City Must Stimulate Affordable Housing

City Must Stimulate Affordable Housing

Rising rents, housing prices and evictions throughout Alameda and the Bay area illustrate Paul Foreman’s point (“Rethink affordable housing in Alameda,” March 26) that “we have a long way to go to meet the affordable housing goal” the State set in Alameda’s 2015-2023 housing element. Foreman also notes that the for-profit housing market, as currently regulated by the city and state, has not, and cannot, construct the housing our workforce needs.

The solution Foreman proposes — funding from government and non-profit organizations to build affordable housing —  has provided some of the needed housing. As both Foreman and Mark Greenside (“Playing the Mumbo-Jumbo, Flim-Flam Housing Game,” March 6) recommend, the city should seek more partnerships with nonprofit agencies that exclusively build affordable housing using federal and other funding sources.

Such funding will not suffice, though, so our city must also partner with America’s most resourceful sector — the private sector.

As demand for housing in Alameda continues to exceed supply, both developers and businesses recognize that new housing will benefit our local economy. Developers benefit for a few years while the housing is constructed while businesses and citizens benefit for decades from both the expanded markets and the workforce created by more residents.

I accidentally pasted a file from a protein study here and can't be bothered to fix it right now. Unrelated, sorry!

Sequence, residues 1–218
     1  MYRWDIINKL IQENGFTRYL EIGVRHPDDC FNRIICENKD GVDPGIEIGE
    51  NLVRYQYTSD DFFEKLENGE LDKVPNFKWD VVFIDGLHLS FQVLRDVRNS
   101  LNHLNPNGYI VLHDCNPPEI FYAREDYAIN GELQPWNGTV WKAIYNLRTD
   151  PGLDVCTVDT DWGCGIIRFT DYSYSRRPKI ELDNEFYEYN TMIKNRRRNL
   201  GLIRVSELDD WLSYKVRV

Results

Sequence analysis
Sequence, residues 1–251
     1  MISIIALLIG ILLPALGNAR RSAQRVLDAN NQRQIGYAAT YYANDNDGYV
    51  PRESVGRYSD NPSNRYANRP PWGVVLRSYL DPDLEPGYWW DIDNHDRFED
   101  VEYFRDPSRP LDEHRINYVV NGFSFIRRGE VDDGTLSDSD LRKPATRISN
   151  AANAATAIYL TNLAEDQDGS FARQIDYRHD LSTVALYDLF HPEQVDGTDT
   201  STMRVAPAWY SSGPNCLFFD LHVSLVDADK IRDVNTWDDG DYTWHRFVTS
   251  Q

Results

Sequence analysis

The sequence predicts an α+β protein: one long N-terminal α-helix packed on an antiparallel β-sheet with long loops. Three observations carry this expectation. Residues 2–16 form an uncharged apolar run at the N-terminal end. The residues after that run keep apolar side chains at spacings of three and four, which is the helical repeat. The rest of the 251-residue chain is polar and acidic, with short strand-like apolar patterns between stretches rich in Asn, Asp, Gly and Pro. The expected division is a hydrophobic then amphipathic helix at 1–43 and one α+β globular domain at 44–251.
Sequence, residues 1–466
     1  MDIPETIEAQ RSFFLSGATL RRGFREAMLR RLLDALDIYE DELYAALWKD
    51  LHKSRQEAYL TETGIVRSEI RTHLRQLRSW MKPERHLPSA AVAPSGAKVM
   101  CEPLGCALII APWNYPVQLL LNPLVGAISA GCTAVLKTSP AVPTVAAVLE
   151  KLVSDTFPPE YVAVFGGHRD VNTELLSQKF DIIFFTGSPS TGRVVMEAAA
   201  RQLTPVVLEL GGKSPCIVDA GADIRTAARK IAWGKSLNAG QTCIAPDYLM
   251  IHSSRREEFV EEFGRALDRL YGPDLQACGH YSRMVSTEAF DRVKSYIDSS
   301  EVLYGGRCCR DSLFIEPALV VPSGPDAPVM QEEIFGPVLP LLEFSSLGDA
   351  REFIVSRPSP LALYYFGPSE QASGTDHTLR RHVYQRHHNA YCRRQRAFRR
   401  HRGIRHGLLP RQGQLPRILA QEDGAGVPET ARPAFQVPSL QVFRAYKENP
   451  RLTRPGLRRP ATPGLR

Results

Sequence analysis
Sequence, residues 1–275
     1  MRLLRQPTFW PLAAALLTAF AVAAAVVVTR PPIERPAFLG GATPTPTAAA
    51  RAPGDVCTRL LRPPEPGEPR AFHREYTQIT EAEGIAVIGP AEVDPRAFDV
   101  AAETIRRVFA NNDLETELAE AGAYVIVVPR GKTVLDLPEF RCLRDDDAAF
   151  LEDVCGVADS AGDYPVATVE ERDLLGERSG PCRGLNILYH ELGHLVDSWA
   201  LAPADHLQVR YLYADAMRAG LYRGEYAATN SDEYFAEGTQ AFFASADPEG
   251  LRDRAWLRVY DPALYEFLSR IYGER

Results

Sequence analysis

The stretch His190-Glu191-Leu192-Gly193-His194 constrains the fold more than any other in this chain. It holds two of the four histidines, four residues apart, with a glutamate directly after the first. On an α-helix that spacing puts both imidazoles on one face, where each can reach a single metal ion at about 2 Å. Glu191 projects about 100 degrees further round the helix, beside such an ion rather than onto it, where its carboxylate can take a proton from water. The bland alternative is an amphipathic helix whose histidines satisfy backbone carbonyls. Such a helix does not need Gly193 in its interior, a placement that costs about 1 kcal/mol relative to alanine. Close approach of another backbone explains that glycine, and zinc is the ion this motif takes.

With the economy recovering, now is the time to expand on three city measures that have already proven they stimulate the private sector to build affordable housing in Alameda. The first would require all new housing developments in Alameda to guarantee that 25 percent of their homes be affordable.

Alameda Point Partners, a developer, has already made such a guarantee for Site A at Alameda Point and is committed to building 200 affordable units there.

The second measure would apply the multi-family overlay to residential sites at Alameda Point, not just along the Oakland Estuary and parts of Buena Vista Avenue. This overlay provides incentives for developers to make 50 percent of their units affordable.

The third measure would review the housing impact fee that we charge new businesses to support affordable housing and services. Rents and housing prices soaring to all-time highs suggest that it may cost more to house workers now than when the current fee was set.

Developers, businesses and residents working together to implement these measures can ensure that Alameda houses more of the new residents needed to fully benefit from the regional economy.

William Smith is an Alameda resident.